Melissa Blease reviews Caroline’s Kitchen starring Caroline Langrishe, Aden Gillett and James Sutton, on at Theatre Royal Bath until 30 March
Caroline Mortimer is living the contemporary good life as the nation’s favourite TV cook. Massive house with a fabulous kitchen that doubles-up as the set for her show? Tick. Loving husband? Tick. Son set to return home to celebrate a First from the University of Cambridge? Tick. But hold those perfect roast potatoes, for the meat at the heart of the matter is slowly rotting: alcoholic tendencies, secret inappropriate lover, national newspaper poised to publish photos of Caroline at her very (drunken) worst? Tick, tick, tick; behind the scenes, Caroline’s life is far from tickety-boo.
Caroline could be the result of an ungodly coupling between Delia Smith and Fanny Cradock, resulting in a wannabe Nigella with Sylvia Plath tendencies. Her TV show, meanwhile, is over-familiar to all of us: Jamie’s Friday Night Feast, Saturday Kitchen, Sunday Brunch, et al. If you’ve ever wondered what really goes on behind those tasteful scenes when the cameras stop rolling, even the very worst reality couldn’t beat this particular evening in Caroline Mortimer’s life.
Broadcast in real time to an audience who are at first lulled into a gentle sense of politely humourous Carla Lane sitcom-style security before being hurtled at full pelt towards Mike Leigh-style, hyperreal emotional (and physical) devastation, it’s a two-hour It’ll Be Alright On The Night outtake that not even Gordon Ramsay could survive.
Caroline Langrishe is deliciously dextrous in bringing duality to the role of Caroline Mortimer, slowly allowing us glimpses of the taut, anxious bundle of neurosis seething with frustration, dissatisfaction and panic that’s barely hidden behind the glossy, controlled veneer of ‘success.’ As Caroline’s husband Mike – a begrudging, crabby, malcontent buffoon with vile ideologies and a pervy attitude to women – Aden Gillett is both a figure of fun and a character you really wouldn’t mind seeing arse-up in a golf course bunker having suffered a heart attack (this is, he tells us, what he would have wanted). Both actors keep the tragi-comic tempo thrumming at a commendable pace throughout – tick, tick, tick.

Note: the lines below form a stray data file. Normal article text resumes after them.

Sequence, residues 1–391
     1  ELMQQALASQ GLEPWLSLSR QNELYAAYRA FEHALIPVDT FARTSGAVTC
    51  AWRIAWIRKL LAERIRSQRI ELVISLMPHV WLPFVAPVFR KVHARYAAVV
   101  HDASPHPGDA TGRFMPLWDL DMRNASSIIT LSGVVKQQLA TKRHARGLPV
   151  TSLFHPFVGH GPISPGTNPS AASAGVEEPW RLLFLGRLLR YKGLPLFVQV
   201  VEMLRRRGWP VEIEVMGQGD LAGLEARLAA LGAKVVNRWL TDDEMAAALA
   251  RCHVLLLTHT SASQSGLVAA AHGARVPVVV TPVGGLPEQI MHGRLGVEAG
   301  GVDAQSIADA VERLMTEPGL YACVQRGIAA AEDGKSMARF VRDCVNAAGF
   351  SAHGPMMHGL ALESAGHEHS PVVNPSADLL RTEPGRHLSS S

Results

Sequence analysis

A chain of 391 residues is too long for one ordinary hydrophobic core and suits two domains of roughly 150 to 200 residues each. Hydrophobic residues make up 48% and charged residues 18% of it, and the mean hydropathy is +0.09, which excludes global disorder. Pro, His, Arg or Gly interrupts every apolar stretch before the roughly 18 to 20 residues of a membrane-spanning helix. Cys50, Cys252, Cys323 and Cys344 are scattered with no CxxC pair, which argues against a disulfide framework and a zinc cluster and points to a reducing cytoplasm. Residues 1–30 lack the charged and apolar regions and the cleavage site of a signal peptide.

Also joining us for dinner, Jasmyn Banks channels Absolutely Fabulous as Caroline’s ambitious temporary PA Amanda: when Caroline verges on Edina Monsoon territory (which she does, lots) Amanda morphs into Saffy. Meanwhile, James Sutton is heartbreakingly vulnerable as bewildered, beleaguered Graeme the carpenter (and supplier of other, erm, services to Caroline), while Elizabeth Boag brings subtle, sinister menace to the role of Graeme’s deeply troubled wife Sally.
But it is perhaps Tom England as Caroline and Mike’s son Leo – a strongly-opinionated vegan and vehement climate change campaigner, about to embark on a stint as an aid worker in Syria – who elegantly, almost imperturbably steals the show. While the ‘revelation’ Tom so desperately wants to share with his self-obsessed parents may not actually be that shocking to most of us, he represents everything that Caroline and Mike are so desperately trying to avoid: the inevitable acceptance of mortality; the futility of blind faith; the instabilities of our rapidly-changing world; the acknowledgement of genuine passion.
As the chaos in the Mortimer household gathers momentum at such a harrowing pace that you may well end up cringing low in your seat, hand slapped over mouth in shock and dismay, England remains calm, strong and increasingly detached from the scenes of sheer, utter madness unfolding around him. Tom is a totes woke warrior on the battlefield of seriously dysfunctional family life… and ultimately, he’s the one with the resources to survive the war.
With a taught, tightly-written script written by Torben Betts and impeccably sharply-directed by Alistair Whatley, Caroline’s Kitchen represents a fabulously satisfying feast for fans of the family feud-themed fracas – and plenty of food for thought for all.
Main image: Caroline Langrishe as Caroline Mortimer. Credit: Sam Taylor